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3.5 e. Coordination of trace elements in hydrous fluids at extreme pressures and temperatures (M. Nowak and H. Keppler)

The coordination sphere of trace elements in fluids affects the partitioning of these elements between fluids and minerals and/or silicate melts. It has previously been shown by Lüdemann and Franck that transition metals such as Co(II) change their coordination in a fluid phase from octahedral to tetrahedral, if the chloride concentration and/or the temperature is increased. The type of cell used in most previous studies limits the P - T range to 500°C and 6 kbar. We used a modified Bassett type diamond anvil cell (DAC) for extending the P - T range to 1000°C and 100 kbar, in order to cover geologically important systems such as subduction zones or magma bodies in the deep continental crust.

In a first step ligand field spectra of an aqueous solution (0.1 mol/liter) of CoCl2 were measured at temperatures to 700°C and pressures to 8.6 kbar (Fig. 3.5-10). Spectra were acquired using a Bruker IFS 120 spectrometer with A590 microscope, Xe-arc lamp, Quartz beam splitter and a Si-diode.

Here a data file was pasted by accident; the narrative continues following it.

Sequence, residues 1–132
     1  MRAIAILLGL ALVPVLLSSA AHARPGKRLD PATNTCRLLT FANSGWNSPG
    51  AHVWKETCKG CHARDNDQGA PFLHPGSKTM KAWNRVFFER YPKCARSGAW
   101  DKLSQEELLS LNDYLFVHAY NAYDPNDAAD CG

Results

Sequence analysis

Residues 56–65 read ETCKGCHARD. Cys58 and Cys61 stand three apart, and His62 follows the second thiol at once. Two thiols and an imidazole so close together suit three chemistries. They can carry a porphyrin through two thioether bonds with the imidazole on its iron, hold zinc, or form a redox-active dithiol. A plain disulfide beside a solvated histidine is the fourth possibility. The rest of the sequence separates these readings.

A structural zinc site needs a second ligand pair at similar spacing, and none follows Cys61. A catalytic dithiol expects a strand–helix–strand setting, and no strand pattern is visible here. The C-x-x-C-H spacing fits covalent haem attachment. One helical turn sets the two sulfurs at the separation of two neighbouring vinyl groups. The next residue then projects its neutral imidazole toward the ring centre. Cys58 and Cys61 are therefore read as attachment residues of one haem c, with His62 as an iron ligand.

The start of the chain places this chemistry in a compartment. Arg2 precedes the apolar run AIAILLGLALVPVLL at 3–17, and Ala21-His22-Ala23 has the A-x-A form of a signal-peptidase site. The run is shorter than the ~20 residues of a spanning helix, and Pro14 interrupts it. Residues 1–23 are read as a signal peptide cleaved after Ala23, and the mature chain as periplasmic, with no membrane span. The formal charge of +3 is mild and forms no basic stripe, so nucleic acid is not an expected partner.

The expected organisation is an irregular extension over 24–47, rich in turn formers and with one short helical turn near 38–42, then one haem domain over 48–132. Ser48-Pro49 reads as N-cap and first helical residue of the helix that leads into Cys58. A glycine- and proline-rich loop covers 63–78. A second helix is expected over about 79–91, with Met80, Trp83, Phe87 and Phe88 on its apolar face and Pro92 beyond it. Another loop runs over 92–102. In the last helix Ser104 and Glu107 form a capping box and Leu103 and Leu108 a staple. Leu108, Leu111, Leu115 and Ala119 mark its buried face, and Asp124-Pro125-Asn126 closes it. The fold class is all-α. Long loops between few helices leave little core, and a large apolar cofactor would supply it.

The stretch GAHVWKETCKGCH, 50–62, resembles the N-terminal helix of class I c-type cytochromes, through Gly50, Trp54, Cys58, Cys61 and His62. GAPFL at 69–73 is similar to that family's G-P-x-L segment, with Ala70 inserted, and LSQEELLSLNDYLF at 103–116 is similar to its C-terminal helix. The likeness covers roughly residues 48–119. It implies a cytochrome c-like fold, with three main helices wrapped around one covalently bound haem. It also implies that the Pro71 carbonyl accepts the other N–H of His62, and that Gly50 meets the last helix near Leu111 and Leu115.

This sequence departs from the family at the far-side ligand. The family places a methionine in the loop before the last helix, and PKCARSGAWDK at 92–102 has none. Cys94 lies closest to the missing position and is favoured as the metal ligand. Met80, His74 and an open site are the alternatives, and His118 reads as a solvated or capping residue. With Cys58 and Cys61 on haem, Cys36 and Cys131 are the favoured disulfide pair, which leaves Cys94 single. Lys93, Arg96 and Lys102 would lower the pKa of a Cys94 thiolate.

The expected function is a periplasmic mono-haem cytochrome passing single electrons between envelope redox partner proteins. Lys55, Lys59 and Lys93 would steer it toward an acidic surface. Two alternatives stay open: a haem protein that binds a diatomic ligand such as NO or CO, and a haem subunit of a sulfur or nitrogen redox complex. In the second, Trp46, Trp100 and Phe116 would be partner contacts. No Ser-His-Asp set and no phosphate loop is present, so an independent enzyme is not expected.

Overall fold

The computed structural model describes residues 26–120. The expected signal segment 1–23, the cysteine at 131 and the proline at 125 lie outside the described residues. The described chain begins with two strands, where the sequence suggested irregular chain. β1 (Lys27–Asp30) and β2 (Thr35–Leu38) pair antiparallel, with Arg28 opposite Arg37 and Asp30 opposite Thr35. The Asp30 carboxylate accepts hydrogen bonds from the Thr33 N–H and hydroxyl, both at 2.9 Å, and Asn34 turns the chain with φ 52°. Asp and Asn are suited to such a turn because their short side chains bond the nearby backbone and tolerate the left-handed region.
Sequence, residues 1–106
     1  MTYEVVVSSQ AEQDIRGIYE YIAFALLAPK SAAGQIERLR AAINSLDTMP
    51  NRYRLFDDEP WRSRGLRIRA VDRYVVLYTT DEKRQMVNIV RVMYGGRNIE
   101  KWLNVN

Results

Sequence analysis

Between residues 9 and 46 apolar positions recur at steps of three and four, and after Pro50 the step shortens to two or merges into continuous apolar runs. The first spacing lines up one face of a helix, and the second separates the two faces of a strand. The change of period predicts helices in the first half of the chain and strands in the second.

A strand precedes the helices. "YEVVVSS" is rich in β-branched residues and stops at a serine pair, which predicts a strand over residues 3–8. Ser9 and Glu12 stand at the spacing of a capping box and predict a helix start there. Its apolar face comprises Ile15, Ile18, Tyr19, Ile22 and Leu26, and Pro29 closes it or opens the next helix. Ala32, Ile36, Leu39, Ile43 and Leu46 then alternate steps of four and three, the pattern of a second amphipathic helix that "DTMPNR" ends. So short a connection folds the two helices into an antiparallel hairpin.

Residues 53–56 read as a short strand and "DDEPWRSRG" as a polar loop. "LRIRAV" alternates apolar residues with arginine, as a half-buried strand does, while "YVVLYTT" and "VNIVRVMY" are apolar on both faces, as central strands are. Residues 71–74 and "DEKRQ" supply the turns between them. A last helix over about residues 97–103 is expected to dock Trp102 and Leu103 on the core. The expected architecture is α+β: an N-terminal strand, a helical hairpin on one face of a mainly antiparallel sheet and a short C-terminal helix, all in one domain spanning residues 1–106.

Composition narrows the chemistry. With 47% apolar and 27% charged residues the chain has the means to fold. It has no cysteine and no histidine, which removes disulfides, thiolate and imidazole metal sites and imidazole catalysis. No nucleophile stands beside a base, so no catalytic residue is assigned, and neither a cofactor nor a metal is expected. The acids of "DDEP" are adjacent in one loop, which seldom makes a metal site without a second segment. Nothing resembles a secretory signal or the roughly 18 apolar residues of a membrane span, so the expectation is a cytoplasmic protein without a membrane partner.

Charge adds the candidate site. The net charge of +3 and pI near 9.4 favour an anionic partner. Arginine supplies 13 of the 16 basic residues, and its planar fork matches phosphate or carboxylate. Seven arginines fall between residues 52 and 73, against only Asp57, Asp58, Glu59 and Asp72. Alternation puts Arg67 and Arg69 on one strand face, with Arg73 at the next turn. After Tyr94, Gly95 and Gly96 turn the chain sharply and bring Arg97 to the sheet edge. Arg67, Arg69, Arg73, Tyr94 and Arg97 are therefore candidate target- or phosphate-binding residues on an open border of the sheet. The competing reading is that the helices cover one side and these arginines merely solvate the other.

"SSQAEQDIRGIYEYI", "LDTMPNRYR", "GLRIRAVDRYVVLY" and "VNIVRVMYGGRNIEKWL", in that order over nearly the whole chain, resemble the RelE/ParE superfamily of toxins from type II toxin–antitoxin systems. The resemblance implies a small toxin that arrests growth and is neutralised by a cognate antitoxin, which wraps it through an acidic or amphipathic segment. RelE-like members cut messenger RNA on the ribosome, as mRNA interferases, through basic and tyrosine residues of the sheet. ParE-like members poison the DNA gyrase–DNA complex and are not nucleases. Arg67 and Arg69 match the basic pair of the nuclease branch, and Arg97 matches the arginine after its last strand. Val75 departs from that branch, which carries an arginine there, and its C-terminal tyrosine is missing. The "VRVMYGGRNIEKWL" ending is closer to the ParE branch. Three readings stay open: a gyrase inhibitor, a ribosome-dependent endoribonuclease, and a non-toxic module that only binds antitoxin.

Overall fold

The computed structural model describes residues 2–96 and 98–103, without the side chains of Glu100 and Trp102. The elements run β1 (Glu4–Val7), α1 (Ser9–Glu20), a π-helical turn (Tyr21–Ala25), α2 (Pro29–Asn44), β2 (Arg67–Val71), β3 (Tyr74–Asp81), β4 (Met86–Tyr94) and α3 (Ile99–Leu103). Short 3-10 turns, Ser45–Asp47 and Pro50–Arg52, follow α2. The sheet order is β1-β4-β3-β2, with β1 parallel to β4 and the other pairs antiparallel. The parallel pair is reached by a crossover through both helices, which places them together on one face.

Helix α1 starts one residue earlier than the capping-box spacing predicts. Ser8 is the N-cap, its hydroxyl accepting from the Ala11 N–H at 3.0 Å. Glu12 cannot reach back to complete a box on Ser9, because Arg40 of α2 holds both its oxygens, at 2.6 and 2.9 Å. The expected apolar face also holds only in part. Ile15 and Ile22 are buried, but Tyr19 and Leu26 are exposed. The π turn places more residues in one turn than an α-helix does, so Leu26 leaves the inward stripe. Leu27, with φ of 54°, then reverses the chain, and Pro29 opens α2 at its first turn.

Fig. 3.5-10: Ligand field spectra of a 0.1 m CoCl2 - solution from 25°C and 1 bar to 700°C and 8.6 kbar. Th = temperature of homogenization.

At room temperature the aqueous CoCl2 solution has a broad absorption band system at about 19,250 cm-1 resulting in a pink colour. This is attributed to the octahedral Co(H2O)62+ complex. Heating the solution to 700°C results in a color change from pink to blue. The spectrum at high temperature consists of a split band with maximum at about 15,500 cm-1 and a shoulder at about 18,000 cm-1 arising from a tetrahedral Co2+ complex (Fig. 3.5-10).

The change in coordination depends on temperature and pressure. Increasing temperature stabilizes the tetrahedral complex, increasing pressure stabilizes the octahedral complex. Increasing pressure increases the temperature of the coordination change from octahedral to tetrahedral.

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